The current state of the market is undeniable. 2023 will not be a classic case of the boom and bust of the container market. With shrewd maneuvering, carriers can make significantly more money this year than in pre-pandemic years.
The gap between supply and demand
The baseline scenario for 2023 predicts demand growth of 1.9%. On the supply side, if all the new ships were theoretically delivered on time and there were no port congestion and scrapping, it would represent a “huge” 34% increase in capacity over last year.
Carriers cannot influence demand. They have no choice but to focus on supply. After consolidating and restructuring, they are better positioned to weather the ‘dangerous years’ and use leverage to ensure a “soft landing.”
They have already started, as numerous flights have been suspended and many empty (canceled) flights in recent weeks. The Drewry World Composite Index, which measures spot rates, is still falling, but not as fast as it was a few weeks ago.
The decline is still there but much smaller than it was. The carriers get a little more control. The groupthink of the carriers has been to milk profits as long as possible and then start cutting capacity when rates approach a level acceptable in the long term.
Scrapping of old ships and delay of new ones
Carriers have several ways to manage capacity and prevent a crash in 2023. One of them is to sell old ships for scrap.
The baseline scenario calls for a write-off of 600,000 TEU (twenty-foot-equivalent units) next year, or 2.5% of fleet capacity, by the end of 2022. This would be the second-highest annual scrapping rate on record, surpassing only the 660,000 TEU scrapped in 2016.
The capacity of the TEU order book has reached a record level. 2.6 million TEU of new power is planned for next year alone. Another way carriers can reduce their ability is by delaying the delivery of new vessels.
Delivery dates are always very variable. Carriers have an advantage over shipyards and can almost dictate when these ships will be delivered. Also, shipyards face potential construction delays due to the pandemic, power shortages, extreme weather events, and shutdowns.
There was always a “slippage” of delivery terms from year to year between 2008 and 2020; actual container ship deliveries exceeded 90% of planned deliveries only three times. This ratio was at 70% during the Great Recession.
So only 60% of the capacity scheduled for delivery in 2023 will come online next year. This is probably the boldest prediction because it’s the easiest of all carrier capacity levers.
Another way shipping lines can manage capacity is to idle ships. Idleness was one of the main tools used back in 2009 to deal with the fall in demand caused by the financial crash. During the year, almost 10% of the fleet was docked.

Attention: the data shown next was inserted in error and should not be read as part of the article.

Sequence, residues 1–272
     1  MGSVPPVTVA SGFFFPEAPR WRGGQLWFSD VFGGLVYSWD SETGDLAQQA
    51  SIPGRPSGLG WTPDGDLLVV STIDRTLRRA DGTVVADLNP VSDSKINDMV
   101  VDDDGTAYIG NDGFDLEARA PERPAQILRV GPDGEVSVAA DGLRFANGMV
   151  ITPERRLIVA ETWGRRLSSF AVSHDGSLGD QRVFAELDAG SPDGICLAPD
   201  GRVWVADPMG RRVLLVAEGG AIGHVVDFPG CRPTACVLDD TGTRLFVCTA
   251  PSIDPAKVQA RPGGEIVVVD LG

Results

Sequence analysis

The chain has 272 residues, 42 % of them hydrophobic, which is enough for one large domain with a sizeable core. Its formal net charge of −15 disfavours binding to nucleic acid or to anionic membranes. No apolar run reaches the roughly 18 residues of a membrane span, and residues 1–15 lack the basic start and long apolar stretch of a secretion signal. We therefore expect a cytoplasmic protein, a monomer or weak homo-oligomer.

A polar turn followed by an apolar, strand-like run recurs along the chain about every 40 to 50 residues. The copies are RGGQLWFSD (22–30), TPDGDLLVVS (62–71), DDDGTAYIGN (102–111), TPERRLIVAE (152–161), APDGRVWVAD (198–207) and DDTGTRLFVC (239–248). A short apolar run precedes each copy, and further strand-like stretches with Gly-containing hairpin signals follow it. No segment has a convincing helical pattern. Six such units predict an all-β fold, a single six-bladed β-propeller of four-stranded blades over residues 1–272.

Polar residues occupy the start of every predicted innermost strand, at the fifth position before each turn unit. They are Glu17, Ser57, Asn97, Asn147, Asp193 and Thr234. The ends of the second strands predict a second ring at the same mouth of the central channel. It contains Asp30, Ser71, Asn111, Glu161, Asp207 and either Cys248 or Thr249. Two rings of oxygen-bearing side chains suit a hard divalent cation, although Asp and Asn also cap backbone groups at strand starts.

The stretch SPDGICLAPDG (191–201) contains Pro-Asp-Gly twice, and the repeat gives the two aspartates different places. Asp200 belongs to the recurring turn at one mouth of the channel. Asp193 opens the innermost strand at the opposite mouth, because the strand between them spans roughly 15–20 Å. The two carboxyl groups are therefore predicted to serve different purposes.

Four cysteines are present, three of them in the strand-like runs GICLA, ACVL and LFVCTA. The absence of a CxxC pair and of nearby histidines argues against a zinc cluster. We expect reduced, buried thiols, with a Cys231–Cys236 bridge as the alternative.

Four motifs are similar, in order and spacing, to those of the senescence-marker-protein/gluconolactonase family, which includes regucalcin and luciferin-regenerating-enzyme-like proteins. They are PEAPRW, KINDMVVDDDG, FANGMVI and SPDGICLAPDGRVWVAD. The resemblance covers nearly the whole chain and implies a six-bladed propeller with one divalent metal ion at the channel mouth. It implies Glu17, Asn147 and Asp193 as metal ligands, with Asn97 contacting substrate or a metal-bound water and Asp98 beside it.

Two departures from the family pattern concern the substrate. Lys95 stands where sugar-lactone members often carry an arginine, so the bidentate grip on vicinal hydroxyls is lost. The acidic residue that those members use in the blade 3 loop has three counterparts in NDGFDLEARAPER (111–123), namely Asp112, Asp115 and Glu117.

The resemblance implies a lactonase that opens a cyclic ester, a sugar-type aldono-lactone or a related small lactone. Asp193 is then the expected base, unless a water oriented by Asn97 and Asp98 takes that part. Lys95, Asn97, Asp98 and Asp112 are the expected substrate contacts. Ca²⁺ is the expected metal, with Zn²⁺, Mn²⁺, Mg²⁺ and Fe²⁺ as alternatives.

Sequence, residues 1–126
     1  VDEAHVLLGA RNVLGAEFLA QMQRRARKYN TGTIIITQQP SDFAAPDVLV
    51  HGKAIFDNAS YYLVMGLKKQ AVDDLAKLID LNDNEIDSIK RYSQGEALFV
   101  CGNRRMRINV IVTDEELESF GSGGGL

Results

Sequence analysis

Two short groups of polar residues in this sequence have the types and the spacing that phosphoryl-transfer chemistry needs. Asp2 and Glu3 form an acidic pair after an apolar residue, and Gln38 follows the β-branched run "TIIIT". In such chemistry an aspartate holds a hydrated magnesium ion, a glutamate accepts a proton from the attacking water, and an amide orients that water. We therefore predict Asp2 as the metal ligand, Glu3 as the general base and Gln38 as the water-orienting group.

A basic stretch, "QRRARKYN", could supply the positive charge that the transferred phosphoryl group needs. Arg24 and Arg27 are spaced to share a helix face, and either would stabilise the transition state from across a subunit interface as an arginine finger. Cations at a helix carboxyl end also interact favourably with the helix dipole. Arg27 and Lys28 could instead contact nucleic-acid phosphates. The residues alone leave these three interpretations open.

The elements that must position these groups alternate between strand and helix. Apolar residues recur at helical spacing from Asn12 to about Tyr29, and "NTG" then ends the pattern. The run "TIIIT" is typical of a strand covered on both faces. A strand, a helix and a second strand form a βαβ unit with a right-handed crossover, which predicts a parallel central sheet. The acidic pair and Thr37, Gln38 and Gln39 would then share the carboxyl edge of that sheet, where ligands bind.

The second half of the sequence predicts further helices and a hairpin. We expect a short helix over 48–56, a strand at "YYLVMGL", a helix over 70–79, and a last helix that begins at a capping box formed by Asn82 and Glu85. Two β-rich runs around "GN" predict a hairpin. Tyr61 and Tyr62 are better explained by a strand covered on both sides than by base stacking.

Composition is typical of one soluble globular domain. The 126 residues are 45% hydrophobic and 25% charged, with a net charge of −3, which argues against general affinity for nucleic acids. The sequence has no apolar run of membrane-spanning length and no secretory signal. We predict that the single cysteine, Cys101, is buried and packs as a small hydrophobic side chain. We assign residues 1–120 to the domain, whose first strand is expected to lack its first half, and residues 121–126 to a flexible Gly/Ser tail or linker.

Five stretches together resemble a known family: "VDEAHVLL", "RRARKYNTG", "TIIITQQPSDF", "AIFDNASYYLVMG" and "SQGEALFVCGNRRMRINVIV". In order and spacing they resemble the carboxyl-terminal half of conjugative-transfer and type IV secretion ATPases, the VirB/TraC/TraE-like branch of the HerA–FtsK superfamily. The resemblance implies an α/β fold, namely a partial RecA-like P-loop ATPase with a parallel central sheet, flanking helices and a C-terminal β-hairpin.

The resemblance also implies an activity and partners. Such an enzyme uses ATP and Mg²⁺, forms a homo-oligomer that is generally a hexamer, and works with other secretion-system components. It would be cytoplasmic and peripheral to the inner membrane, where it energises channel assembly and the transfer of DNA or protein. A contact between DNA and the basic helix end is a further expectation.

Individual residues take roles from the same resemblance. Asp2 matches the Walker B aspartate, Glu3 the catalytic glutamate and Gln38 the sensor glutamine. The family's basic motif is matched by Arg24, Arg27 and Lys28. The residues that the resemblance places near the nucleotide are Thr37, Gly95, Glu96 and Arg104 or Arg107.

In 2016, 6.6% of the cargo was idle. As a result of the COVID-lockdowns, 6% of the shipment was inactive in 2020 (almost all in the first half of the year). For all of 2023, the baseline scenario assumes an offline mode of 5.8%.
The volume reduction will allow more ships to go into dry dock for repairs and maintenance. This will help with the periodic decrease in bandwidth.
Port congestion persists
Port congestion is a side effect of supply chain issues rather than levers that carriers actively pull, but it severely impacts vessel supply.
Сongestion will reduce adequate capacity by 15% this year. By mid-2023, congestion levels will remain the same to 2019, leading to a 6.9% reduction in sufficient capacity next year.
There are still many disruptive risks, possible disruptions due to strikes by port workers, and production issues such as power shortages, which could lead to more delays.
Add in all these factors — disposals, order delays, vessel idles, congestion — and the theoretical maximum estimate for a 34% year-over-year capacity increase drops to 11.3%. This is still well above the forecast demand growth of 1.9%. But carriers can use empty shipments and canceled services to close the gap, a process they have already begun.
Empty sailings will remain essential in carriers’ arsenal to curb capacity growth next year.
If demand is even lower than forecast in 2023, carriers will have to push those capacity levers harder.
We’re seeing regulators scrutinize carriers more closely than ever before. However, there is a limit to how much they can pull. Any suggestion that carriers hold back potential trade and harm the national economy for their gain will be frowned upon.
These capacity management assumptions are based on the premise that shipping lines will not engage in price wars and market share battles as they have in previous downturns.
The main lines dominate the market, but there are hundreds of individual operators, each with their strategies. At this point, they will do what’s in their best interest. The biggest challenge is predicting carrier behavior, which is highly error-prone.
In the meantime, logistics operators and importers are looking for optimal solutions to secure the supply chain.
PartnerTrade is also looking for new ways to transport your goods to different parts of the world. Our managers do everything to ship cargo in the best way.